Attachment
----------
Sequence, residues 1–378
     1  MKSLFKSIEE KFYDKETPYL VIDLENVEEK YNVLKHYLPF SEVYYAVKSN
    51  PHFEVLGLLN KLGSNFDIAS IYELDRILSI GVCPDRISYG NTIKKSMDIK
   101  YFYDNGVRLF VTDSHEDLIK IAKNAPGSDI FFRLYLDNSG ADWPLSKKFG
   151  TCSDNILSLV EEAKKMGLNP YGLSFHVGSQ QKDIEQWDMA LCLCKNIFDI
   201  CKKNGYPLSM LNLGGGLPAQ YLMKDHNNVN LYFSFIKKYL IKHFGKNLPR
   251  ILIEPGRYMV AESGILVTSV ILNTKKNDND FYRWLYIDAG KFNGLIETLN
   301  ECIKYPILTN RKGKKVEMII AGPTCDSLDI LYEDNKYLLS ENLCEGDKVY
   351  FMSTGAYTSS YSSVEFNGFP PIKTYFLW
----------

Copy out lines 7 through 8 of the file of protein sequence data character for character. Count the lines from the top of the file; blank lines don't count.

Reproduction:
   251  ILIEPGRYMV AESGILVTSV ILNTKKNDND FYRWLYIDAG KFNGLIETLN
   301  ECIKYPILTN RKGKKVEMII AGPTCDSLDI LYEDNKYLLS ENLCEGDKVY